scientist in a lab

The Puglielli Lab research program focuses broadly on molecular mechanisms of neurodevelopment and neurodegeneration. We employ a combination of biochemical, cellular, molecular, and genetic approaches with in vitro, ex vivo and in vivo models. In 2007, our laboratory reported that nascent proteins could undergo Nε-lysine acetylation in the lumen of the endoplasmic reticulum (ER). This discovery resulted in the identification of a previously unknown biochemical machinery that impacts on the biology of the ER.

The ER acetylation machinery regulates two essential functions of the ER: (i) engagement of the secretory pathway (as part of quality control) and (ii) disposal of toxic protein aggregates that form within the secretory pathway (through reticulophagy/ER-phagy). The ER acetylation machinery also maintains intracellular metabolic communication.

AT-1 (also referred to as SLC33A1) is an ER membrane transporter that functions as an antiporter. It transports acetyl-CoA from the cytosol to the ER lumen in exchange for free CoA. Within the ER, acetyl-CoA is used by ATase1 (also referred to as NAT8B) and ATase2 (also referred to as NAT8) to acetylate ER cargo proteins. Free CoA can then exit the ER through AT-1. The acetylation of ER-transiting glycoproteins regulates engagement of the secretory pathway while acetylation of the autophagy protein ATG9A regulates the disposal of toxic protein aggregates through ER-specific autophagy (also referred to as reticulophagy or ER-phagy).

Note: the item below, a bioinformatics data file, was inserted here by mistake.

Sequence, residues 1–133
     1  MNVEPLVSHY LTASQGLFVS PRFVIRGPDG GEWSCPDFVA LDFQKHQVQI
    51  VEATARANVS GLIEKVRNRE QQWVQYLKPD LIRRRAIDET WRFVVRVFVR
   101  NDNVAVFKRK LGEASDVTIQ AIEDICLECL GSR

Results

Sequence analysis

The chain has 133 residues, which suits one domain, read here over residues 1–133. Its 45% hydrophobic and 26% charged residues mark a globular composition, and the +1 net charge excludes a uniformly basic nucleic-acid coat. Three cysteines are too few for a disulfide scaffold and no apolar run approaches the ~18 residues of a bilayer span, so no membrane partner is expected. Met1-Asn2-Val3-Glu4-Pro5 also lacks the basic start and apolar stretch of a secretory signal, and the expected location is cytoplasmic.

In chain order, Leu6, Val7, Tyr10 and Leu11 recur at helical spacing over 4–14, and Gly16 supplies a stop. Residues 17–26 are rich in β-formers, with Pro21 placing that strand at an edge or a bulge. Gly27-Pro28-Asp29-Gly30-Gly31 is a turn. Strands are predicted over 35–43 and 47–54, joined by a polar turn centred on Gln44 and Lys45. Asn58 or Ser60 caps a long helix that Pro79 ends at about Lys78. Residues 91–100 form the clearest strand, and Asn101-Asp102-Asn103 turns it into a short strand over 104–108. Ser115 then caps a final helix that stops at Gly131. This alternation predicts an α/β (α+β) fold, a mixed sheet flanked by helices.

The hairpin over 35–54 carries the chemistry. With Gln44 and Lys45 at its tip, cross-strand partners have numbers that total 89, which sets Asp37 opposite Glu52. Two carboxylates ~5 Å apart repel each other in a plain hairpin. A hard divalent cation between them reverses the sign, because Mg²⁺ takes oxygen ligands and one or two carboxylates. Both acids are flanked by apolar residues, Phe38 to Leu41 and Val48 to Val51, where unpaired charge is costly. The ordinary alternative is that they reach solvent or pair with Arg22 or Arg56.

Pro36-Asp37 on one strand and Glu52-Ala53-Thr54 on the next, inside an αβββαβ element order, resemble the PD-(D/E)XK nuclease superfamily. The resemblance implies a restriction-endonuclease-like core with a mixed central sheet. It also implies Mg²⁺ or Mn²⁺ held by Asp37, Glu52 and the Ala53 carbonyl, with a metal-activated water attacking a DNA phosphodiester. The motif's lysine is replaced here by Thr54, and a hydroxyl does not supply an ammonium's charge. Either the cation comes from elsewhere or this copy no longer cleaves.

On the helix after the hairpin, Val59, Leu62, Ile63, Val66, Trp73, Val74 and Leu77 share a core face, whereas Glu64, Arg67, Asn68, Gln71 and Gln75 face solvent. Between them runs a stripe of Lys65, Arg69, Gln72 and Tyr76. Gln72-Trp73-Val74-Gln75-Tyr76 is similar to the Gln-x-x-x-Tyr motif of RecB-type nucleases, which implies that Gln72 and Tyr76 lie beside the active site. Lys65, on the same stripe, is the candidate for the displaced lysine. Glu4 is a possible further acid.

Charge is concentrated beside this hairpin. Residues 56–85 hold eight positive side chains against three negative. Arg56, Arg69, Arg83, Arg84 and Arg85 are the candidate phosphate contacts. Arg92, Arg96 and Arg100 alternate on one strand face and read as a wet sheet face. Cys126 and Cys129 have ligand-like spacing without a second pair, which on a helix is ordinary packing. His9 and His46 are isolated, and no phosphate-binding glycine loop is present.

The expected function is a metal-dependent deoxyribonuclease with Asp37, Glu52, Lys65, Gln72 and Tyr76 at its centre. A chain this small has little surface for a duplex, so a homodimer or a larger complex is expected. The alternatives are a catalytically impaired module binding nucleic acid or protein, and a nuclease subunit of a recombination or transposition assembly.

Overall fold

A dysfunctional ER acetylation machinery has now been linked to developmental delay and premature death, autism spectrum disorder and intellectual disability, peripheral forms of neuropathies, segmental progeria and Alzheimer’s disease. Our laboratory has generated mouse models that mimic the above diseases and dissected relevant pathogenic pathways.